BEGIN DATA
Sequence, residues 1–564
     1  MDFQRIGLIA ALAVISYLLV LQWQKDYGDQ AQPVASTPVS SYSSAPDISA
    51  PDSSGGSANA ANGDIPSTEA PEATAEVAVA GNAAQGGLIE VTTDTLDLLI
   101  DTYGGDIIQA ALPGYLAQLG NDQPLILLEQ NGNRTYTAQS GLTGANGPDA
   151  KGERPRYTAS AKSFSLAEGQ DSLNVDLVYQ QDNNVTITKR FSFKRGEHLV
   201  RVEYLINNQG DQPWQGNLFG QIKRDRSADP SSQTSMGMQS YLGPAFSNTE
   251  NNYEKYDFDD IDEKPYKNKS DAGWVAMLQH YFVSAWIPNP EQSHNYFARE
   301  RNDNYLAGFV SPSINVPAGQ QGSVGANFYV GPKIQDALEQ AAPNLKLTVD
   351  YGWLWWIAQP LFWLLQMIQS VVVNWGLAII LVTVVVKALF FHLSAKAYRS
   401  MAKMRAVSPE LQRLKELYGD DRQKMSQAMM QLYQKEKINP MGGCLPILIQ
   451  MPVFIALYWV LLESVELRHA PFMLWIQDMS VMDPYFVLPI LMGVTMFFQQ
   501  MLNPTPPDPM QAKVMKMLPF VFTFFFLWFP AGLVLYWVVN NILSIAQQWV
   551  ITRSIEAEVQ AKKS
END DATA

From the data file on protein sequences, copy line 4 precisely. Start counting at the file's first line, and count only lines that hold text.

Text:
   101  DTYGGDIIQA ALPGYLAQLG NDQPLILLEQ NGNRTYTAQS GLTGANGPDA